Presentation on theme: "Interaction between EIA and Articles 6.3 and 6.4 of Habitats Directive Yvonne Scannell Law School, Trinity College, Dublin Arthur Cox, Solicitors, Dublin."— Presentation transcript:
Interaction between EIA and Articles 6.3 and 6.4 of Habitats Directive Yvonne Scannell Law School, Trinity College, Dublin Arthur Cox, Solicitors, Dublin
Cf EIA to AA Requires EIA for listed projects only. Can apply to any kind of plan or project big or small- including EIA projects Art.6.3.
Exemptions Exemptions for defence projects, projects adopted by legislation and in exceptional cases EIA Directive, Arts.1.3, 1.4, 2.4. Only exemption is if the plan or programme “is directly connected with or necessary to the management of the site”. Art 6.3
Publication requirements for screening Annex 11 screening decisions to be publicly available and ECJ says reasons must be given for them if requested. No explicit obligation to publish screening decisions but they must be available to requesting third parties. Methological Guidelines say reasoning and decision to be published
SCREENING & MITIGATION Mitigation measures may/must be considered when screening for EIA subject to satisfying certain criteria. Methological Guidelines say no but argued mitigation measures can be considered but criteria for mitigation measures arguably somewhat stricter when screening for AA
Screening tests Environmental features must be likely to be affected to justify requiring EIA Directive, Art.5.1.a If there is a mere probability that the plan or project will have effects, or if there is a risk or doubt re significant effects or it cannot be excluded that there will be significant effects, AA required. Waddenzee, para 45 Pfizer – proportionality principle applies to risk assessment
WHAT HAS TO BE STUDIED? Likely significant effects on the environment as defined in the EIA Directive. Significant effects to be assessed (on all the environment) theoretically very extensive Applies to plans and projects likely to have a significant effect on a site in view of the site’s conservation objectives
CUMULATIVE EFFECTS Applies to cumulative effects of various projects. Applies to cumulative effects of plans or projects either alone or in combination with other plans or projects
QUALITY OF INFORMATION REQUIRED Information required is having regard, inter alia, to “current knowledge and methods of assessment” in so far as it is reasonable to ask developer to provide. Information for assessment to be based on best scientific knowledge. (Requirements “excellence, independence and transparency.”)
Affected environment different for each The environment which will likely be affected may possibly be unknown when the project is proposed. The aspects of the site to be protected will be ascertainable from the conservation objectives specific to the site which reflect the “ecological requirements of the natural habitat types and species in Annex 1 and 11”.
Consultation Public consultation mandatory EIA Directive Arts.4.4, 5.2, 6, 7, 8, 9, 11. Aarhus. Public consultation “if appropriate” for Stage 2 Art.6.3. Required if Aarhus applies
Must the assessment be written? No explicit requirement for written assessment of EIS but ECJ implies it English and Irish courts say reasoned decision on conclusions of the AA required.Methological Guidelines say yes.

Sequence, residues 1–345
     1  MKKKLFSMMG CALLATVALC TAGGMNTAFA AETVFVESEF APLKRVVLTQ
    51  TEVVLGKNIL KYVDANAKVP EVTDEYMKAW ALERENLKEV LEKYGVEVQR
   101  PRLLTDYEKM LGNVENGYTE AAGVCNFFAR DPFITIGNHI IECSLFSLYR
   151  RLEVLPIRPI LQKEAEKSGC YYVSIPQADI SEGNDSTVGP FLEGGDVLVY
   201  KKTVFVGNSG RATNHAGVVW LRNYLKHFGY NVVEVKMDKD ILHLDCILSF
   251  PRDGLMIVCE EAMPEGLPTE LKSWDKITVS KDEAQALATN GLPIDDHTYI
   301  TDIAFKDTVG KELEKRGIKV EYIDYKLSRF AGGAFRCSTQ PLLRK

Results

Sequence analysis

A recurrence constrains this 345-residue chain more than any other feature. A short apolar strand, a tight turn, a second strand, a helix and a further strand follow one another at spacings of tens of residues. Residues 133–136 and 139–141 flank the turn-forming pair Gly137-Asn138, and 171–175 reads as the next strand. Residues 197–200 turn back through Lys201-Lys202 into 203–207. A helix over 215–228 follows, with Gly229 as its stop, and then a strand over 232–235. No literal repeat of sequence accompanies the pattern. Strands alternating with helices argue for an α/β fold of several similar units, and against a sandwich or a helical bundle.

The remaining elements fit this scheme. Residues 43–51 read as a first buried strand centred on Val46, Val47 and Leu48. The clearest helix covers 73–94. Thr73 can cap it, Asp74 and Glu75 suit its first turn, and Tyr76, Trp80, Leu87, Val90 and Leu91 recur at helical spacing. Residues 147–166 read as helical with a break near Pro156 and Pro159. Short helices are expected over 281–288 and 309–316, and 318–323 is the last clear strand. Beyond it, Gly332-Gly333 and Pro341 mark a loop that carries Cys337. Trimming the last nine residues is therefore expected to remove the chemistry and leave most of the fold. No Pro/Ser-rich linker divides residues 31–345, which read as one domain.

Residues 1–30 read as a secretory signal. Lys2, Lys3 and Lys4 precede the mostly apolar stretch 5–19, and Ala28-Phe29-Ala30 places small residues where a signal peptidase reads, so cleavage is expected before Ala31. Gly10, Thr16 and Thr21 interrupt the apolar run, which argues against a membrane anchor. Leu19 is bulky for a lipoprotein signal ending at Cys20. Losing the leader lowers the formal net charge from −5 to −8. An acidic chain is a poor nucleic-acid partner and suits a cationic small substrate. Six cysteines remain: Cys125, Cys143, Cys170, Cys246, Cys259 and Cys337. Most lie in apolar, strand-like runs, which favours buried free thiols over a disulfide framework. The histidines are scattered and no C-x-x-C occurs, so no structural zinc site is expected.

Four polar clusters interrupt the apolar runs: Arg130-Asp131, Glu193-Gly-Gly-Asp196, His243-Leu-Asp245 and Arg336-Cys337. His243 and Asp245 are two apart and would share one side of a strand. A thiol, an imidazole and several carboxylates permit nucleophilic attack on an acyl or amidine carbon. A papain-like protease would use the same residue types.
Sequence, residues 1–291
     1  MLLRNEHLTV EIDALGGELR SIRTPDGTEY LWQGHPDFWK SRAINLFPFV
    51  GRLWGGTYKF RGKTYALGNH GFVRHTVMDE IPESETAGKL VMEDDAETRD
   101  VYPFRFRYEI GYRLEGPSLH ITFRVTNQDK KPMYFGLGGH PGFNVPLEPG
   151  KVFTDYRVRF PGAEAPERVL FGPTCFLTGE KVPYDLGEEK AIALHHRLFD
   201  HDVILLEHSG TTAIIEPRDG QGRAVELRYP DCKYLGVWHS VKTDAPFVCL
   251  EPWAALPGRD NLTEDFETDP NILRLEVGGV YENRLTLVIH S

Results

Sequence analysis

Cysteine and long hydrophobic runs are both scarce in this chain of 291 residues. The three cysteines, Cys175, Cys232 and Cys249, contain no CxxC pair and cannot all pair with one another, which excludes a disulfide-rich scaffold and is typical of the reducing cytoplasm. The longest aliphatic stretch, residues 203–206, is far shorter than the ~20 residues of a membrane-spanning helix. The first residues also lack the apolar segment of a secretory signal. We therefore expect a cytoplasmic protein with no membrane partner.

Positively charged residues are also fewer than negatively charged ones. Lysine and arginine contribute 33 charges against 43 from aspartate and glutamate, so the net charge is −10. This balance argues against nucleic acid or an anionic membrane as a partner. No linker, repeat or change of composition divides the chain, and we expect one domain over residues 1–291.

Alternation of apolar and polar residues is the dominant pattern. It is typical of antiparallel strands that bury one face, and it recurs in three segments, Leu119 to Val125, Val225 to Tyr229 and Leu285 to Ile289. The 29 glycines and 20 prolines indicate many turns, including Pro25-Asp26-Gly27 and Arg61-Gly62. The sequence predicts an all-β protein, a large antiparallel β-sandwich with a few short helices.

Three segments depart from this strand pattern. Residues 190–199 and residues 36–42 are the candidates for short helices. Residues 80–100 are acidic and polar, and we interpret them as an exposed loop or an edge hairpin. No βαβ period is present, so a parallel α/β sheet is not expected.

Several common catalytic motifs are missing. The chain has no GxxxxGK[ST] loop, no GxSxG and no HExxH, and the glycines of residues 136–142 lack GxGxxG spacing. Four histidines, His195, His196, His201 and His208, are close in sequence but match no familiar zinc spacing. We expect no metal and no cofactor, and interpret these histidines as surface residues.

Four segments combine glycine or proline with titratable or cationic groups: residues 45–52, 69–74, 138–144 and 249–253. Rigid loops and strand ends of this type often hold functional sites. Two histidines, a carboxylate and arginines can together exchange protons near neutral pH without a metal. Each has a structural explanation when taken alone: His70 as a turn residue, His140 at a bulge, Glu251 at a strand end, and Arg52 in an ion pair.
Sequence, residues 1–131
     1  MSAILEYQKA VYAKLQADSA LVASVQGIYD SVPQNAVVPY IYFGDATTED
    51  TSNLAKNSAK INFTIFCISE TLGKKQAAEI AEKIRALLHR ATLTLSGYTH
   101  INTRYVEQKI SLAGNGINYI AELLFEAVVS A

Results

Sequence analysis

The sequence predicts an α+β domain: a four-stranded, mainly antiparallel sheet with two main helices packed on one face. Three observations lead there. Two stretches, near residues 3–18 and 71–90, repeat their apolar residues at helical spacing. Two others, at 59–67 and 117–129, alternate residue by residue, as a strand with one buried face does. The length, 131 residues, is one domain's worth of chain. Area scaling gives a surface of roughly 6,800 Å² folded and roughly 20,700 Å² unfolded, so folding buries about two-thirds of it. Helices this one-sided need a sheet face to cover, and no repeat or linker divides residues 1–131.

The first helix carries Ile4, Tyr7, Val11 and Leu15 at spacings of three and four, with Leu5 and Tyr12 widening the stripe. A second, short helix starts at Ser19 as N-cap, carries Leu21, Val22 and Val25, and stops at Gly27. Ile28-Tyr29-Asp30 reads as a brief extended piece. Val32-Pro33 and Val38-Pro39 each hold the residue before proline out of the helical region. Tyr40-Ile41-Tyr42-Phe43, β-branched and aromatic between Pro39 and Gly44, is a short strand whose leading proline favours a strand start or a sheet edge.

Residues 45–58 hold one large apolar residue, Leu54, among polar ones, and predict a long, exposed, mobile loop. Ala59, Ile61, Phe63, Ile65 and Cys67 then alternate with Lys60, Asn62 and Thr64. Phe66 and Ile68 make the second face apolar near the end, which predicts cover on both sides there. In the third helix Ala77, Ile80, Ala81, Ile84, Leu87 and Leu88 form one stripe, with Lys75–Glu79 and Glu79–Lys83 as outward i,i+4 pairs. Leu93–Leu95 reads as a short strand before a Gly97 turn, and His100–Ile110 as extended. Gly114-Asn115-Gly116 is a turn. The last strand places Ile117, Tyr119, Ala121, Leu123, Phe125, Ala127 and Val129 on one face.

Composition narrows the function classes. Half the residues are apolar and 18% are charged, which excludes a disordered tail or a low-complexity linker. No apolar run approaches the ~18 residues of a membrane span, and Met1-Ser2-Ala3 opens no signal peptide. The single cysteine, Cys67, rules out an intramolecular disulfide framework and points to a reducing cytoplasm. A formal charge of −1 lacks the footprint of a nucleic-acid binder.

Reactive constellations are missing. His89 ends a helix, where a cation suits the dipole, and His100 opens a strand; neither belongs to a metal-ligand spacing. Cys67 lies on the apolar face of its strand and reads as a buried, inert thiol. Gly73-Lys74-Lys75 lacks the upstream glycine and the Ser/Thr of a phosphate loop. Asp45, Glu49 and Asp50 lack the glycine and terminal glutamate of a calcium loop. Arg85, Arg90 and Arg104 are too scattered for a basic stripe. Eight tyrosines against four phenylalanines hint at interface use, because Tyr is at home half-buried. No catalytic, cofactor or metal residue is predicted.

Outcomes of assessment In principle projects can be authorised even if there are better alternatives. In principle, plans and projects adversely affecting site integrity of site cannot be approved. Article 6.3 Unless ROPI
Alternatives Only alternatives considered need to described but some competent authorities have invented ways of requiring a proper examination of alternatives Project cannot be allowed unless there is NO alternative and unless there are reasons of overriding public interest.
Compensatory measures No obligation on Member State/developer to take compensatory measures if significant adverse effects on the environment. Obligation on Member State “to take all compensatory measures to ensure that the overall coherence of Natura 2000 is protected”
Obligation to consult Commission Obligation to inform Commission of reasons for exemption from EIA under Art.2.4 No obligation to justify negative screenings in Habitats Directive to Commission.
Procedures Procedures for EIS and EIA prescribed in detail No prescribed procedures for AA
Aarhus Convention is part of the acquis Picture of a brown bear!
Transboundary issues EIA Directive requirement to involve other Member States significantly affected by project Aarhus rights of public participation, access to information and access to justice Espoo No requirement in Habitats Directive to involve other MS. But.. Aarhus rights to be implied
Some remedies EIA Directive, Complaint against State to Espoo Compliance committee but..MOX Directive obligations can be enforced in domestic courts Complaint to EU Commission Habitats Anyone in any State party or NGO can complain against another State party to Aarhus Compliance committee Directive obligations can be enforced in domestic courts Complaint to Commission
Publicity for decisions and reasons Obligation to publish screening decision, final decision and reasons and considerations for it. Aarhus and Art 10 A No express requirement to publish decisions but implied. Aarhus
Obligation to implement Aarhus requirements on access to justice EIA Directive, 10A Aarhus doesn’t apply to Habitats but CJEU has stated that it should!
EU Commission No requirement to get Commission’s consent for permitting significant adverse effects on environment Obligation to notify compensatory measures Obligation to get EU Commission’s “opinion” on the reasons of OPI justifying plan or project affecting priority site or priority species. Art.6.4